Release destructive emotions


Help Children Change: What You Teach Today Factors into Kids Futures

Lynne Namka, Ed.D. - © 2007 

A recent survey of police officers showed that aggression is increasing in elementary schools and many schools do not have or do not use the resources that are available to deal with violence and bullying. According to the survey, children are acting more aggressively at a younger age than ever before. Prevention is the key here to helping children. Teaching children to express their anger in safe ways can help break into this cycle of aggression.

Today’s society reinforces anger and violence. Children are attracted to models who take what is wanted by force and shirk responsibility for misbehavior. These angry times are setting the stage for more and more acting out in children. Old-fashioned values of respect, compassion and caring are falling by the wayside. Young people need skills that help them make intelligent choices and deal with the anger around them.

Many children today feel a loss of personal control. Unpopular children often do not form bonds with others. They may turn to antisocial behavior, seeking activities which are stimulating to them. Children without friends feel alienated from the higher concepts of respect for others and democracy and become turned off to school activities, often resorting to alcohol and drug use and gang behavior.

A recent review of alcohol and drug prevention studies shows that social deficits correlate with behavior problems and alcohol and drug use in young people. Teaching social skills was effective in both preventing and helping reduce troublesome behavior. Anger control, assertiveness, anxiety reduction, relaxation and problem solving were some of the skills identified to help young people deal with stressful situations which led to unhealthy actions.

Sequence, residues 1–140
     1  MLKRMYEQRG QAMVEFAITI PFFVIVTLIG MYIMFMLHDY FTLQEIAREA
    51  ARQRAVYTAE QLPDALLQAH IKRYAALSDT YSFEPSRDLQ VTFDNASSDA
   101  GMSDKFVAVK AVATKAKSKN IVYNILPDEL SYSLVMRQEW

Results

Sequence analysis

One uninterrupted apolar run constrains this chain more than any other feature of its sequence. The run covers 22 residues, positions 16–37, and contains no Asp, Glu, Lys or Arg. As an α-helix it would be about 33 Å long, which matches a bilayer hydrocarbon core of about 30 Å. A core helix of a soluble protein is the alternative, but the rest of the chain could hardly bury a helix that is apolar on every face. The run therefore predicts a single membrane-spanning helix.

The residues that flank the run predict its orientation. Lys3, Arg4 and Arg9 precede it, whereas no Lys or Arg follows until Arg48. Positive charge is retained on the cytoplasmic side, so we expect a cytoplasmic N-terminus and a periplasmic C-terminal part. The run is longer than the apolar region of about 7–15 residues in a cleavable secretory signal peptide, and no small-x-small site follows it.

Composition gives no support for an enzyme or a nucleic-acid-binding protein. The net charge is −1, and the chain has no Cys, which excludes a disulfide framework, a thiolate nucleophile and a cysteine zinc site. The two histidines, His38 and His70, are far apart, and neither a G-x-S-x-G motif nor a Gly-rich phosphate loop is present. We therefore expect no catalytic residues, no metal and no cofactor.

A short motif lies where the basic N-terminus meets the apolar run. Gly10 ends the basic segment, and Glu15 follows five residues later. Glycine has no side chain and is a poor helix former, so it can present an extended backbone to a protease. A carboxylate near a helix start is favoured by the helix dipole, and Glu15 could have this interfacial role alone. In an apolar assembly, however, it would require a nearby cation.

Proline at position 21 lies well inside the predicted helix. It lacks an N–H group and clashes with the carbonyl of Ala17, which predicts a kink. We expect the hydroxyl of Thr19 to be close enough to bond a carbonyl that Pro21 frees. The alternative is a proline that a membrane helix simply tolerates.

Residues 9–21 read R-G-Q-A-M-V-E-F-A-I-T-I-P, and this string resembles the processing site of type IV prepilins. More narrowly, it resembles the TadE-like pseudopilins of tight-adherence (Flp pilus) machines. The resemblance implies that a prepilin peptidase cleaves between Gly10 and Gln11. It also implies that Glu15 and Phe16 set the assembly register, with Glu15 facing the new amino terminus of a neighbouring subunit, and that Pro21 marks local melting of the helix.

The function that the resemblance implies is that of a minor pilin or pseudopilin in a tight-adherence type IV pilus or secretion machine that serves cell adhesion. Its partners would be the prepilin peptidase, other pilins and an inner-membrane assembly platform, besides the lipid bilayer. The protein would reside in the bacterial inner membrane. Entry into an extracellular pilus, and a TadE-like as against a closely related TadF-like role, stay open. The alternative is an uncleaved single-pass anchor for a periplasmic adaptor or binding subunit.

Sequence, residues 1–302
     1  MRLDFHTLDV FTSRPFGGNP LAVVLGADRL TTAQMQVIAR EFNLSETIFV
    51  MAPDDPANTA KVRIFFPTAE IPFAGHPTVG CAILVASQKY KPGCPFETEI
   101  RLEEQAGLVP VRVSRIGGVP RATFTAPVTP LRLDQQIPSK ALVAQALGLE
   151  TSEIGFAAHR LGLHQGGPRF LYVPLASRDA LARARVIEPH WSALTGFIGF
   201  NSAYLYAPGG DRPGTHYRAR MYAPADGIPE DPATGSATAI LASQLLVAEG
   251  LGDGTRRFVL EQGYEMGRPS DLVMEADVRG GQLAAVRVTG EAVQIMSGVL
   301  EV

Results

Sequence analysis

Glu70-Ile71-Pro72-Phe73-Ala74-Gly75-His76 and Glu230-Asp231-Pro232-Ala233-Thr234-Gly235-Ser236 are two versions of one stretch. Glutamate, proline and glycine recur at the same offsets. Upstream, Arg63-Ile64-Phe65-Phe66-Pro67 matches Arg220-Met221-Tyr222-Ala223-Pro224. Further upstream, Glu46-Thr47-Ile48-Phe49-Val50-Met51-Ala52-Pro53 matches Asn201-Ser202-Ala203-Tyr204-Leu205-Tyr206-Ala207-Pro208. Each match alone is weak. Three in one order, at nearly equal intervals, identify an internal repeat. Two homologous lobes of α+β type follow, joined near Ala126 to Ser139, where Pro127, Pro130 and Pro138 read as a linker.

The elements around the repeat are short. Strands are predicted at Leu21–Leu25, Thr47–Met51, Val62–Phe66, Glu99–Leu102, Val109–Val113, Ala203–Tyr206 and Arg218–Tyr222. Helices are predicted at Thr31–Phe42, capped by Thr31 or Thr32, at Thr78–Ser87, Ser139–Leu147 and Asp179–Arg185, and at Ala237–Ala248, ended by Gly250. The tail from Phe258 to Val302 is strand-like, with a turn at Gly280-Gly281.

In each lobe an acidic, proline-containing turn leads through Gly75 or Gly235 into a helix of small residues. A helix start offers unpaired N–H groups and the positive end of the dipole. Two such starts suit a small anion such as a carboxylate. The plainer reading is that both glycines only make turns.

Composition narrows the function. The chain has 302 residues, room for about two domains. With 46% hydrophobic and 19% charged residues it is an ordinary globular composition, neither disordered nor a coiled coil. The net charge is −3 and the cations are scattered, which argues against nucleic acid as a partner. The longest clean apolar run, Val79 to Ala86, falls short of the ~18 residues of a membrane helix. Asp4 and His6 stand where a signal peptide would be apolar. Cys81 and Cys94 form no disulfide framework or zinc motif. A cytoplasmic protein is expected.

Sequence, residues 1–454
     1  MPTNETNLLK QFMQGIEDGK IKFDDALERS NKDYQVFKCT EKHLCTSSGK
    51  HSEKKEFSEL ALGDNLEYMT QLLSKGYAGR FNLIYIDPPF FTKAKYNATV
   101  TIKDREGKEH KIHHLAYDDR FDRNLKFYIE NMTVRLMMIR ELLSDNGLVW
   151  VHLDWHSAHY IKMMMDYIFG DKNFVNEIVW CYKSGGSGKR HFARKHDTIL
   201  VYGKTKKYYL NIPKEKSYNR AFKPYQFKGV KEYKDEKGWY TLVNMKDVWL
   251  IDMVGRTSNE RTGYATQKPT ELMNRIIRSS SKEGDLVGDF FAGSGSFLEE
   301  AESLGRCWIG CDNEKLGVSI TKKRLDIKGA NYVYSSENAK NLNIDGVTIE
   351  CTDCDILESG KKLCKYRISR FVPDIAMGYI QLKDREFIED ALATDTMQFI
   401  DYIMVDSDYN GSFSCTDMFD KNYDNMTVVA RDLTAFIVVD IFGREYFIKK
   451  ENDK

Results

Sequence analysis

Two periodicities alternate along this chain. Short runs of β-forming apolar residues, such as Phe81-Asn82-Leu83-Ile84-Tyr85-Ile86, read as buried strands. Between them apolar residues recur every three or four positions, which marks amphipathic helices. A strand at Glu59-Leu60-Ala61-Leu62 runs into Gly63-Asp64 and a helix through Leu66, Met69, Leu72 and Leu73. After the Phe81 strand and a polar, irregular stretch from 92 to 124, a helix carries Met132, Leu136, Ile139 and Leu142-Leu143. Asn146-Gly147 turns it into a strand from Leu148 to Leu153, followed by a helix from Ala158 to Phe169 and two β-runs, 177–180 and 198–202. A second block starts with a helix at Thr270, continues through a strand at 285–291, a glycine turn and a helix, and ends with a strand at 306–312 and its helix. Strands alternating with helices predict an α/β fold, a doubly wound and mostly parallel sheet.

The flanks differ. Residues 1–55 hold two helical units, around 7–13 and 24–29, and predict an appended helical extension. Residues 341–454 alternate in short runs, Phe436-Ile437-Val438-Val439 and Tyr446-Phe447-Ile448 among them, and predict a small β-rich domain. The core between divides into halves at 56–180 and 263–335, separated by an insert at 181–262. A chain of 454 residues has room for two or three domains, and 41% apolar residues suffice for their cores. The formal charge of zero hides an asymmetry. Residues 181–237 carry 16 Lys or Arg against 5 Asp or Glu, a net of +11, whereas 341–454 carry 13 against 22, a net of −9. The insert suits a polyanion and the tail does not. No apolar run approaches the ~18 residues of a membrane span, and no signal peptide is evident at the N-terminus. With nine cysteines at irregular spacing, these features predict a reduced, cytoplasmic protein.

Teach Young People the Skills They Need
Young people can learn to reconnect with the positive values of treating each other with respect and taking responsibility for their own behavior. Social skill training focuses on developing reciprocal affective behavior between children. The climate changes to a positive way of thinking--“Let’s help each other and include everyone in our play groups.”

Most children cannot deal with strong expressions of anger, frustration, sadness, fear or guilt. They have not learned the skills of expressing negative feelings in a comfortable manner. Some young people use ineffective means of coping with stress such as turning to alcohol and drugs to squelch their negative feelings.

Activities that emphasize seeing things from another person’s perspective help children decrease prejudicial thinking. Groups provide a natural setting for children to learn the pro-social skills necessary for success.

Young people are hungry for tools to deal with conflict. Children who are adept at positive social interactions feel more in control of their lives. Social skill training increases self-esteem and the ability to solve problems. Social skills are easy to present in groups. Children can learn to reconnect with positive values of treating each other with respect and taking responsibility for their own behavior. Emphasis on social skills changes the school or community environment to positive ways of helping each other.

Some children do not have a certain skill (“Can’t Do” child). Others children have the skill but are not motivated to use it (“Won’t Do”). Others have the skill but haven’t given themselves permission to use it in a certain setting (“I’m Too Scared to Try”). Children have to feel good about their ability regarding a specific skill within an environmental setting before they choose to use it.

Lynne Namka, Ed. D. is a happy psychologist, mom, grandmother, author of anger release books and founder of Talk, Trust & Feel Therapeutics. Her is mission is to promote peace in the world by teaching people positive communication skills. Helpful information and techniques can be found at and Copyright © 2007 Lynne Namka, Ed.D. All rights reserved. Permission granted to reprint this article on your website without altercation if you include this entire copyright statement and leave the hyperlinks live and in place.


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